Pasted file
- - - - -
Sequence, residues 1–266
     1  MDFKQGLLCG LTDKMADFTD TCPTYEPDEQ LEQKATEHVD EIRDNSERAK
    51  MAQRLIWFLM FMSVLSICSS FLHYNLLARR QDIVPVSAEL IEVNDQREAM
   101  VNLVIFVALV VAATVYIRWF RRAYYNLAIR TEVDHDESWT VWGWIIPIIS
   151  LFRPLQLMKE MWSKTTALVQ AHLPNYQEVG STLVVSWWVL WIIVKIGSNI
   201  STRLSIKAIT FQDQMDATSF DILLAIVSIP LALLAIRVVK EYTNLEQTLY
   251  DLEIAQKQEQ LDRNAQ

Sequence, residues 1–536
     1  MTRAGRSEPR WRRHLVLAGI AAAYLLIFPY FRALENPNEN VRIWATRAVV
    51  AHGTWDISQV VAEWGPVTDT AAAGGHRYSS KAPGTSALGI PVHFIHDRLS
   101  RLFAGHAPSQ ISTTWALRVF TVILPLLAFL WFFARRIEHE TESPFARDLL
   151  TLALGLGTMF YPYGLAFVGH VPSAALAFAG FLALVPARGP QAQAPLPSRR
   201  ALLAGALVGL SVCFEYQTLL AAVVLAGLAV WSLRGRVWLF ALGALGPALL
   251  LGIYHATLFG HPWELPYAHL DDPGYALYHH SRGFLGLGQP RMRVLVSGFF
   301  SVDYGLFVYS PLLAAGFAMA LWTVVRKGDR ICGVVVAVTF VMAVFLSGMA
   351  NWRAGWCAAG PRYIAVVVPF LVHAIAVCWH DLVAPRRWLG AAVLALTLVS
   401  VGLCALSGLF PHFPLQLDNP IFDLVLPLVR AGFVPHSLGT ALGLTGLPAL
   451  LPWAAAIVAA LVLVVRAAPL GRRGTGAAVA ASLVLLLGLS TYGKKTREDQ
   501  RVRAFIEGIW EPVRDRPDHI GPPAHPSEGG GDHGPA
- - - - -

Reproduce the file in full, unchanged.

Sequence, residues 1–266
     1  MDFKQGLLCG LTDKMADFTD TCPTYEPDEQ LEQKATEHVD EIRDNSERAK
    51  MAQRLIWFLM FMSVLSICSS FLHYNLLARR QDIVPVSAEL IEVNDQREAM
   101  VNLVIFVALV VAATVYIRWF RRAYYNLAIR TEVDHDESWT VWGWIIPIIS
   151  LFRPLQLMKE MWSKTTALVQ AHLPNYQEVG STLVVSWWVL WIIVKIGSNI
   201  STRLSIKAIT FQDQMDATSF DILLAIVSIP LALLAIRVVK EYTNLEQTLY
   251  DLEIAQKQEQ LDRNAQ

Sequence, residues 1–536
     1  MTRAGRSEPR WRRHLVLAGI AAAYLLIFPY FRALENPNEN VRIWATRAVV
    51  AHGTWDISQV VAEWGPVTDT AAAGGHRYSS KAPGTSALGI PVHFIHDRLS
   101  RLFAGHAPSQ ISTTWALRVF TVILPLLAFL WFFARRIEHE TESPFARDLL
   151  TLALGLGTMF YPYGLAFVGH VPSAALAFAG FLALVPARGP QAQAPLPSRR
   201  ALLAGALVGL SVCFEYQTLL AAVVLAGLAV WSLRGRVWLF ALGALGPALL
   251  LGIYHATLFG HPWELPYAHL DDPGYALYHH SRGFLGLGQP RMRVLVSGFF
   301  SVDYGLFVYS PLLAAGFAMA LWTVVRKGDR ICGVVVAVTF VMAVFLSGMA
   351  NWRAGWCAAG PRYIAVVVPF LVHAIAVCWH DLVAPRRWLG AAVLALTLVS
   401  VGLCALSGLF PHFPLQLDNP IFDLVLPLVR AGFVPHSLGT ALGLTGLPAL
   451  LPWAAAIVAA LVLVVRAAPL GRRGTGAAVA ASLVLLLGLS TYGKKTREDQ
   501  RVRAFIEGIW EPVRDRPDHI GPPAHPSEGG GDHGPA